“Super predator, filthy AmeriKKKa, burn the newspapers and the editors, my dead presidents ain't dead enough, blew a zip to the head, still ain't red enough” The Ghost blesses this mean instrumental produced by Statik Selektah, and Joey is definitely in his bag as well. The title of the record is in reference to one of many phrases coined by America’s justice system, an institution that too often has dehumanized young black men and women in the name of ✌️protecting and serving ✌️


BABYLON ft Chronixxx

“Gone like the wind, I can't seem to win, I know the end is near, but I just don't know when, turn on to CNN, look at what I see again, it's another black man, died at the white hand of justice, to tell the truth, man, I'm fuckin' disgusted, I fear for the lives, for my sisters, my brothers” More truth from the 22 year old visionary over more stellar production from Adam Pallin, who’s this time accompanied by Like from Pac Div and the music compliments the lyrics perfectly.



“the weight of my wealth, is honestly a lot to bear, I play the game of stacking knowing that I ought to share, how much does a man need? How much can he hoard before it’s greed? How can a rich father teach humbleness to his seed? Just questions, the stubborn all get taught tough lessons, I look at all I got like "what's missing?" 💎💎💎 from Fayettnam’s finest who blessed Brooklyn’s own Joey Bada$$ with a solid 16 that’s not easy for MCs to come by. Cole doesn’t work with just anybody, yet instead is meticulously selective and it says a lot that he appears on this album, where ultimately over Statik Selektah production this is another standout on the project.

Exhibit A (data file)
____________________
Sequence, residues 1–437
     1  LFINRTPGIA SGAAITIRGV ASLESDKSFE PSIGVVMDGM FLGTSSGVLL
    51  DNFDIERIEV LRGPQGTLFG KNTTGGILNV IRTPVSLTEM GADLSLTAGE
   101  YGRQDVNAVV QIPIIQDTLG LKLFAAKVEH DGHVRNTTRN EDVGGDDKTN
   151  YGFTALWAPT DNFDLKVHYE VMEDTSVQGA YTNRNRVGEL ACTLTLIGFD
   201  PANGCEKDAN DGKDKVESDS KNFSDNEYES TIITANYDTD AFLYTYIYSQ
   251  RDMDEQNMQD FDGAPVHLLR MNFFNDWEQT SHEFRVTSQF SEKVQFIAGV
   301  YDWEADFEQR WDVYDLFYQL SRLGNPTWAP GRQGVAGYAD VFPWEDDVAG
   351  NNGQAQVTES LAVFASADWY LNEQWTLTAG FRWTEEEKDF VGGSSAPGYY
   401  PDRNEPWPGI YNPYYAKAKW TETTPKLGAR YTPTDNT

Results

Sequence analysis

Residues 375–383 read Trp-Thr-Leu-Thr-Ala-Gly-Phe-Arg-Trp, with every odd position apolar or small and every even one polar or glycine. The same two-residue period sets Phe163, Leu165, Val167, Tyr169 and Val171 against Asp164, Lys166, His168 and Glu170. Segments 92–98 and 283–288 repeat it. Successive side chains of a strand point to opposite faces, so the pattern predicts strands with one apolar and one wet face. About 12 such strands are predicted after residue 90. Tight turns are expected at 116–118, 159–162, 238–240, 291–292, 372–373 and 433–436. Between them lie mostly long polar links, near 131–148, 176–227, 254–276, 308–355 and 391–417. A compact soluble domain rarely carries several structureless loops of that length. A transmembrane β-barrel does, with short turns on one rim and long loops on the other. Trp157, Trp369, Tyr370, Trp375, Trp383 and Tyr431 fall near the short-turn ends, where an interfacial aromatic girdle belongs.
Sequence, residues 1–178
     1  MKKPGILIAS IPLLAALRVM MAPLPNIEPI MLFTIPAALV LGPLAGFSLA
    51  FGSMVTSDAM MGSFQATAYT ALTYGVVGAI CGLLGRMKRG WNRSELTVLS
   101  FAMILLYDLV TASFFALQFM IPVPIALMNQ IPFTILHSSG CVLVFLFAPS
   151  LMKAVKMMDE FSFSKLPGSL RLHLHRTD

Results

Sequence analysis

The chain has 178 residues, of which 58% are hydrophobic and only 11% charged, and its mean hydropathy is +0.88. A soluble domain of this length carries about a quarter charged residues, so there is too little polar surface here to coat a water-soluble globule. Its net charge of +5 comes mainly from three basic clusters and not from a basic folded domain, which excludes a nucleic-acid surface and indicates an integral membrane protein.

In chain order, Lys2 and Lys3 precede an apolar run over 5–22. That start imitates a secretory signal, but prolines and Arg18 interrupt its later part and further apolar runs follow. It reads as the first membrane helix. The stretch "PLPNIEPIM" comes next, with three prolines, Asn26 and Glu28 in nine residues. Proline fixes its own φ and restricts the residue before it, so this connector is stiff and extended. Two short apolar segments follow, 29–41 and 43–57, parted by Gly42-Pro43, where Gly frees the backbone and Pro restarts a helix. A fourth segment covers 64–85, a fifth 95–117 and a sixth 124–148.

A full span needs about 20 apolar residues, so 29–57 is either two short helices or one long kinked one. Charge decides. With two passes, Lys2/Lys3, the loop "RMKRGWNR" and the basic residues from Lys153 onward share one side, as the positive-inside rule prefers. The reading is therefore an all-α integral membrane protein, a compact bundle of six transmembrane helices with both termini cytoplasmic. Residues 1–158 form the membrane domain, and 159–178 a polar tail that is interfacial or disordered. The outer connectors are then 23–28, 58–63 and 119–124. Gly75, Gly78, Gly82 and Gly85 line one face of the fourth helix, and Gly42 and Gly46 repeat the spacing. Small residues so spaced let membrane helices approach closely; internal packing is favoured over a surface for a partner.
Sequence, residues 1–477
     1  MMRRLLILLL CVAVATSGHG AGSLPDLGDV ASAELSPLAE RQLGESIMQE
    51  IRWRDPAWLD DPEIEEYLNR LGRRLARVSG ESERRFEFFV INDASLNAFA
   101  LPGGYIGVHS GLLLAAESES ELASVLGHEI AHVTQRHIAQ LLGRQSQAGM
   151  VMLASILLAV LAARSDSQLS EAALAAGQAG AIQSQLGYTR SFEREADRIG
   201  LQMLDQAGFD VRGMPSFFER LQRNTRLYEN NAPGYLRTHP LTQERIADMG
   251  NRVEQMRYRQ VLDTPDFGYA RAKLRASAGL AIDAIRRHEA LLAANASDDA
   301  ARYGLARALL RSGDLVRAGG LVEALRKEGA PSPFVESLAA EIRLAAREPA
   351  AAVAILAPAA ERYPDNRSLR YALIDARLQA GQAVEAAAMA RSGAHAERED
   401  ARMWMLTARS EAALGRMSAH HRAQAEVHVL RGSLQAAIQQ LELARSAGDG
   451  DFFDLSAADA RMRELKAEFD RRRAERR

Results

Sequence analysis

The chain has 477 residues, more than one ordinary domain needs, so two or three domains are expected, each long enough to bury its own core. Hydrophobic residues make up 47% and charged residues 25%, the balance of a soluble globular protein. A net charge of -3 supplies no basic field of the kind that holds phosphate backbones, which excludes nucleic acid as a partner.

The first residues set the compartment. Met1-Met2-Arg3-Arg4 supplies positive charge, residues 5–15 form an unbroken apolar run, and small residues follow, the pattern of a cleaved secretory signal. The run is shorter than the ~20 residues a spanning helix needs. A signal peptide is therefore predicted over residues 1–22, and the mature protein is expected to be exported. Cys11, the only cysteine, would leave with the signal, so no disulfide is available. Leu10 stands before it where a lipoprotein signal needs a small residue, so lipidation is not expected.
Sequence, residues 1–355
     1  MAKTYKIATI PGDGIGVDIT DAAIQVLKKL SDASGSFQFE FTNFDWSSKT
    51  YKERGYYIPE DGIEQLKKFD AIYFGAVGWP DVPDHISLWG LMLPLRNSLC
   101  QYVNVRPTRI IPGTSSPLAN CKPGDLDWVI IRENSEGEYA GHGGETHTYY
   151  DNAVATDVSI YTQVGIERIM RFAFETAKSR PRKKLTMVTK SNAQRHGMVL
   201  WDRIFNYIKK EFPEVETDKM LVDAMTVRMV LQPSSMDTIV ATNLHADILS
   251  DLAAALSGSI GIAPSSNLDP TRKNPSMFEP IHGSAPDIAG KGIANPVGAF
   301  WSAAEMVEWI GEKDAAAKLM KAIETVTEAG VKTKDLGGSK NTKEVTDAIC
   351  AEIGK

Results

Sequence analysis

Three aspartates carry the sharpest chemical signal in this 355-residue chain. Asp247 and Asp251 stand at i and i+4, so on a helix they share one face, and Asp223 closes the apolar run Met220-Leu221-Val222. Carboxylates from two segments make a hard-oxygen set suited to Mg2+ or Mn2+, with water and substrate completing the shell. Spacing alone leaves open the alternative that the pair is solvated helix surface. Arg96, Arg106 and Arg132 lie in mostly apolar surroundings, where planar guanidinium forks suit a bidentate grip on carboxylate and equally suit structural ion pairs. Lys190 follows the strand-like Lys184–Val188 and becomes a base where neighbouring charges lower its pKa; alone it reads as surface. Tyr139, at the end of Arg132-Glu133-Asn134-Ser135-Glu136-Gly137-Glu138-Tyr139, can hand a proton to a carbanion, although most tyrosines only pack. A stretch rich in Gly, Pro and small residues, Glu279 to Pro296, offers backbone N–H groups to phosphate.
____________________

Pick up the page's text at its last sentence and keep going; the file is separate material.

“I'm out for, dead presidents that represent me, dead fucking presidents that represent me, I'm out for dead presidents that represent me, because I've never known a live one that represent me” 🔥🔥🔥 so many 💎💎💎 “It's time to even the score, cause who do we call when the police break the law?” 💎💎💎and all FACTS “What the government is doing amongst our people is downright evil, disturbing, but not surprising that's for certain”... great closure to the album... Joey Bada$$ has officially arrived…


Man this album is nothing short of incredible, as from start to finish there’s really not a bad record on here, and even more notable is that there’s about 5 or 6 legitimate candidates for record of the year. Essentially at 22 years young the Brooklyn MC is growing and finding himself as an artist right in front of our eyes, as he was always nice but he’s on another level with this one, and if can continue this moving forward then he’ll soon be mentioned in Top 5 conversations without question. In the meantime this is an incredible body of work that deserves more acknowledgment than today’s social media world is ready to give it, and only years later will this album likely get the respect it deserves.